In Soylent Green, broken people are trying to survive the bleak dystopian atmosphere, numbers instead of names waiting in line for water, food coupons, or death benefits. Long lines of poor and hungry won't stand for short rations, and riots between the haves and have nots escalate alongside disturbingly nonchalant violence in sacred places. Assassination set ups and multi-layered mysteries – when there are one hundred and thirty-seven murders a day, why argue when the higher ups want a case closed? Investigation exposition provides how Soylent came to control frozen food manufacturing, law firms, governors, and sustenance for half the planet. Those in the know are followed and police hands are tied by cryptic conversations about silencing others. Viewers have seen similar Depression angst and more recent meaningless Black Friday mobs, but in Soylent Green, screaming crowds are hauled away, tossed into creepy forklifts, and hoisted into dumpsters. Scenes sans music echo with droning machinery as silencer gunshots narrow the seemingly broad point of view via process of elimination, supply and demand, and two birds with one stone control. There are few options beyond sad euthanasia opportunities – a pleasant twenty minutes with your favorite music, color, and theatrical presentations featuring long lost nature, flowers, animals, oceans, and sunsets. Soylent Green is emotional without saying a word in exceptional one man reveals unknown to the audience thanks to silent mouthings, headphones, and wide-eyed, shocked reactions. Viewers aren't spoon fed in another silent sequence of sanitation trucks, stowaways, and processing plants. We're beside the detective's need to know amid the mechanical hums, buzzing equipment, and disposal center tense as conveyor belts and assembly lines lead to goodbye phone calls, shootouts, and a now famous revelation.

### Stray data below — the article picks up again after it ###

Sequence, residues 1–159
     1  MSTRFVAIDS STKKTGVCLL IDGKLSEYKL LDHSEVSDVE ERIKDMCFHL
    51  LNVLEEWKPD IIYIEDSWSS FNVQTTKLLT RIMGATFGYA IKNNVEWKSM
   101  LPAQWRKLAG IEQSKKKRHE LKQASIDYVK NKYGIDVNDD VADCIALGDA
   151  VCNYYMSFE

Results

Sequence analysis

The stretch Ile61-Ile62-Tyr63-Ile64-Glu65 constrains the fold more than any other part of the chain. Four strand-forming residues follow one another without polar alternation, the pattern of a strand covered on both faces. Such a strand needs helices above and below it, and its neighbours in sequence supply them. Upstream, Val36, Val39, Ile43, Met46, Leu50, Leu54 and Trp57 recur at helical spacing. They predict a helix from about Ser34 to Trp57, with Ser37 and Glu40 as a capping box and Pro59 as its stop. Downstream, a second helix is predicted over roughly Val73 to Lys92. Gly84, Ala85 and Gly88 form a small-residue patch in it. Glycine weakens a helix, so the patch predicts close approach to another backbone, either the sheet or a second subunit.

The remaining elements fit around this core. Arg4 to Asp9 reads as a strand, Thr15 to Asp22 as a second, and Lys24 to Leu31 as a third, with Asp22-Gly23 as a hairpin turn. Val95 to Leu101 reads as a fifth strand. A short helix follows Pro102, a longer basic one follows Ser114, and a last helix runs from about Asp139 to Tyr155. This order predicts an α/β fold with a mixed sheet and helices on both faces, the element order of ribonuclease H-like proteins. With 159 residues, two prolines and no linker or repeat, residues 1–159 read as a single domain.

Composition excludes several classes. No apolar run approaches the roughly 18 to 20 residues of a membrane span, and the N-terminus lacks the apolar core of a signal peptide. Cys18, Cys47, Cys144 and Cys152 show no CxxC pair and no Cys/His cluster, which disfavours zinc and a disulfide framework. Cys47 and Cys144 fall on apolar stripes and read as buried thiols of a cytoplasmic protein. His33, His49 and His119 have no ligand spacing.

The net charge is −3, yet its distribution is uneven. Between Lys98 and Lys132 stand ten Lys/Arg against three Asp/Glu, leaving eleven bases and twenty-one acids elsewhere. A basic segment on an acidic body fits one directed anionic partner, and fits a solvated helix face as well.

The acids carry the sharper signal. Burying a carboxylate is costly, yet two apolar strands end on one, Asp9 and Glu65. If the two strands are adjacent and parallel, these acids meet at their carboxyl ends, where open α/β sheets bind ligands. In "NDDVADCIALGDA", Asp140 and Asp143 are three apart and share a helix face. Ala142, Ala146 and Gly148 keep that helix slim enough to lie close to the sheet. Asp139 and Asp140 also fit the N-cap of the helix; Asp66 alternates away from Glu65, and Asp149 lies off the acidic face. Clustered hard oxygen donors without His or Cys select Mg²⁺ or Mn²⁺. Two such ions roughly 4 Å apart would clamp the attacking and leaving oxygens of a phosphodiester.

Good Old Post Apocalyptic Chuck strikes again, as Charlton Heston's (The Omega Man) Detective Thorn goes through the motions of his dog eat dog existence. He has a badge, riot gear that's little more than a football helmet, and no protocol – sweaty and unbothered as he pilfers booze and satin pillowcases from his night shift crime scene. Frank turns on the tap just to feel the running water on his face, sniffs the soap, wants a glass filled with rare ice, and treats himself to the puff of a cigarette. He flirts with the ladies as the interrogating man in charge but insists he doesn't have the time to ask them for anything nice. Thorn's envious of what rich men have, angry over how most people aren't angry about their entire situation. He's not afraid to rough up anyone attacking him man or woman but defends abused women and understands when a hungry crowd won't disperse. Frank can't be off work himself for more than two days, fearing for his job and his very livelihood, yet he risks investigating this shelved case despite threats against him. He refuses to see a police doctor, but Thorn's hunched and distraught earnestness is firmly felt. He's wounded and running, still trying to remain upright and take action because he must. At last Thorn experiences all the things he never knew, which lead him to what he doesn't want to know. Soylent Green is the swansong for Edward G. Robinson (The Ten Commandments), and his once revered professor remembers when food was food, water wasn't poison, and soil wasn't toxic. The world was beautiful; meat, eggs, and produce were available everywhere – but people were still just as rotten. Sol's crusty and tired, hanging on only because of Thorn. He's happy when Thorn brings him paper, pencils, and soap – weeping when he sees beef and wondering how men came to this. Sol studies the shocking Soylent reports in a back door meeting with his former contemporaries, emotionally showing both the audience as well as Thorn what is at stake even if he doesn't want to live in such a godless world where Soylent's secret solution makes frightening sense.